The United States is known for the breadth of diversity in its literature – take a literary tour round the states with these fifty novels. This post continues where the first part left off, traveling from Hawaii all the way to Maryland.
Hawaii – From Here to Eternity by James Jones (1951)
This gigantic debut novel was based upon James Jones’ own experiences as a soldier stationed in Hawaii during WWII. It won the National Book Award after it was released and was adapted into an Academy Award-winning film starring Montgomery Clift and Frank Sinatra.
Idaho – Housekeeping by Marilynne Robinson (1980)
Set in the fictional town of Fingerbone, Idaho, Marilynne Robinson’s debut novel tells the story of a pair of sisters who are raised by a series of eccentric relatives, and their attempts to develop a sense of family and home. One of Time magazine’s 100 Best English Language Novels 1923 to 2005.
Illinois – The Jungle by Upton Sinclair (1906)
One of only a handful of American novels to have an impact on government legislation, Upton Sinclair’s book on the appalling conditions within the meat industry led to the passage of new food safety laws. Even so, Sinclair felt that most readers missed the novel’s true message, stating “I aimed at the public’s heart, and by accident I hit it in the stomach.”
Indiana – A Girl of Limberlost by Gene Stratton-Porter (1909)
A classic of Indiana literature, Gene Stratton-Porter’s most popular novel is set in and around Limberlost Swamp. Stratton-Porter was a renowned naturalist as well as a skilled writer, so it is unsurprising that this novel tackles environmental themes, making it one of the earliest American novels to overtly do so.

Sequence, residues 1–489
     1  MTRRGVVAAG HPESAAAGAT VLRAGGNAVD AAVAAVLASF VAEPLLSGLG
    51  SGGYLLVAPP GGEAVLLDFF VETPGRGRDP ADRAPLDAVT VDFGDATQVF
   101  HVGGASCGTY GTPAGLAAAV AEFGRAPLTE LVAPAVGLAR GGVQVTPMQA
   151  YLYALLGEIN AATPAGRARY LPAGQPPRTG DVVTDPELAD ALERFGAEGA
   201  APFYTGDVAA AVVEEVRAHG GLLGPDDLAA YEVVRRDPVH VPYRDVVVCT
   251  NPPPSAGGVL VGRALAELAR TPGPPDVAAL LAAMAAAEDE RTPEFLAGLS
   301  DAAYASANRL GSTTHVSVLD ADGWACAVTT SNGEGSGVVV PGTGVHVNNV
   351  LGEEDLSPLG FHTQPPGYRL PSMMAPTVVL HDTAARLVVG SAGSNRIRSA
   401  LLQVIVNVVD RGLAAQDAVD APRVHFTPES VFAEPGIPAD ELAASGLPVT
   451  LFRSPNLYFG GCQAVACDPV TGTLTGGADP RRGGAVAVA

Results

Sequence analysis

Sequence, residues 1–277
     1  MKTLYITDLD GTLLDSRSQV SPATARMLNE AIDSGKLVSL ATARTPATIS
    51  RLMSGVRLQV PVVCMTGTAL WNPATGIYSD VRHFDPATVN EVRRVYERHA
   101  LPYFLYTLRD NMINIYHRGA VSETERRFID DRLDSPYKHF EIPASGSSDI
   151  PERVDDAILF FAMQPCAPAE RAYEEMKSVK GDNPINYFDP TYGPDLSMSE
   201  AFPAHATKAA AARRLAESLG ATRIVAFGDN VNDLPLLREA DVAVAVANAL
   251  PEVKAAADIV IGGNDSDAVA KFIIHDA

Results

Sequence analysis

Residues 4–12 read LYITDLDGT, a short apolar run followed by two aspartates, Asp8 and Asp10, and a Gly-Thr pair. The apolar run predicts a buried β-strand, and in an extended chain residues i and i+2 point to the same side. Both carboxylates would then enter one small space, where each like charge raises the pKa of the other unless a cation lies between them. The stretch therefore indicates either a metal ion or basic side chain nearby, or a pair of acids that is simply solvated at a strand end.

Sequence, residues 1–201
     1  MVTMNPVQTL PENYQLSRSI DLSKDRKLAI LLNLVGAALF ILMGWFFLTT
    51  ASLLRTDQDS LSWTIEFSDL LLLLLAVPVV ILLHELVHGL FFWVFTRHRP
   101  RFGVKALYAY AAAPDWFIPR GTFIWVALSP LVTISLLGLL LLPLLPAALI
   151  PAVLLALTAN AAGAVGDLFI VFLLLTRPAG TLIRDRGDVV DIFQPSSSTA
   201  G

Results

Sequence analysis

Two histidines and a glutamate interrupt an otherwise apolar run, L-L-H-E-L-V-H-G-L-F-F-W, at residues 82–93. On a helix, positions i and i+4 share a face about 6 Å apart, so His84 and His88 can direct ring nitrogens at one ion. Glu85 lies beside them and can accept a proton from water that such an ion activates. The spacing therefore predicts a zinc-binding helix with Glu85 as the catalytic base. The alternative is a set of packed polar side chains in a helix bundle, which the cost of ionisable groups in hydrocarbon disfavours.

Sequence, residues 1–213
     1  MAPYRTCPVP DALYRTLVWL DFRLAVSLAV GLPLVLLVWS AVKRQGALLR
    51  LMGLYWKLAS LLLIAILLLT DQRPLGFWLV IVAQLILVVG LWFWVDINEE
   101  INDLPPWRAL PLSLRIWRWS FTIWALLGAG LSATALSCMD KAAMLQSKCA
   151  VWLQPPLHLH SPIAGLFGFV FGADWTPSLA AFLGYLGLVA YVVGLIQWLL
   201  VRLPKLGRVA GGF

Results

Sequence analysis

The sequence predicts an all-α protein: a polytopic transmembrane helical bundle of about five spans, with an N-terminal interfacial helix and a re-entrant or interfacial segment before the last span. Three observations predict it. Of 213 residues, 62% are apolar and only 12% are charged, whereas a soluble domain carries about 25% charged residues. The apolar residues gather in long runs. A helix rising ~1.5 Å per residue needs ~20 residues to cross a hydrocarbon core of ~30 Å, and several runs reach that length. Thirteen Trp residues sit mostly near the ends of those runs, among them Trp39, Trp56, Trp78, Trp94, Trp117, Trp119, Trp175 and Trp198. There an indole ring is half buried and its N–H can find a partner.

Iowa – Miss Macintosh, My Darling by Marguerite Young (1965)
One of the longest American novels ever written, Miss Macintosh, My Darling took Marguerite Young over fifteen years to complete. The titular Miss Macintosh comes from What Cheer, Iowa, a place name Young thought she had made up, only to find out later that it was a real place.
Kansas – The Wonderful Wizard of Oz by L. Frank Baum (1900)
An obvious choice perhaps, but L. Frank Baum’s classic children’s novel truly illuminates the beauty in rural Kansas life, in spite of its seeming dullness compared with the magnificent land of Oz: “No matter how dreary and gray our homes are, we people of flesh and blood would rather live there than in any other country, be it ever so beautiful. There is no place like home.”
Kentucky – Uncle Tom’s Cabin by Harriet Beecher Stowe (1852)
No other American novel has had a greater impact on the country’s history than Uncle Tom’s Cabin, with numerous scholars citing it as a catalyst for the Civil War. Harriet Beecher Stowe’s anti-slavery novel begins in Kentucky, and follows the plight of several slaves, sold by their comparatively ‘benevolent’ owner to pay his debts.
Louisiana – A Confederacy of Dunces by John Kennedy Toole (1980)
Championed by National Book Award-winner Walker Percy, John Kennedy Toole’s A Confederacy of Dunces swiftly became one of the most successful posthumously published novels in American history, and is widely considered to be the greatest representation of New Orleans ever committed to the page.
Maine – The Country of the Pointed Firs by Sarah Orne Jewett (1896)
Sarah Orne Jewett’s series of vignettes on the rural fishing communities of Maine gradually build into something more than the sum of their parts, in a blending of the novel and short story forms that likely influenced later works such as Edgar Lee Masters’ Spoon River Anthology and Sherwood Anderson’s Winesburg, Ohio.
Maryland – A Spool of Blue Thread by Anne Tyler (2015)
A longtime resident of Baltimore, Maryland, Anne Tyler has also set many of her novels there, including A Spool of Blue Thread, which charts the history of a single family and a single house. This novel also takes your literary tour close to Washington, DC, which is not included on this list.
To find books set in Alabama through Georgia, see this post. Check back soon for more states to add to your personal tour!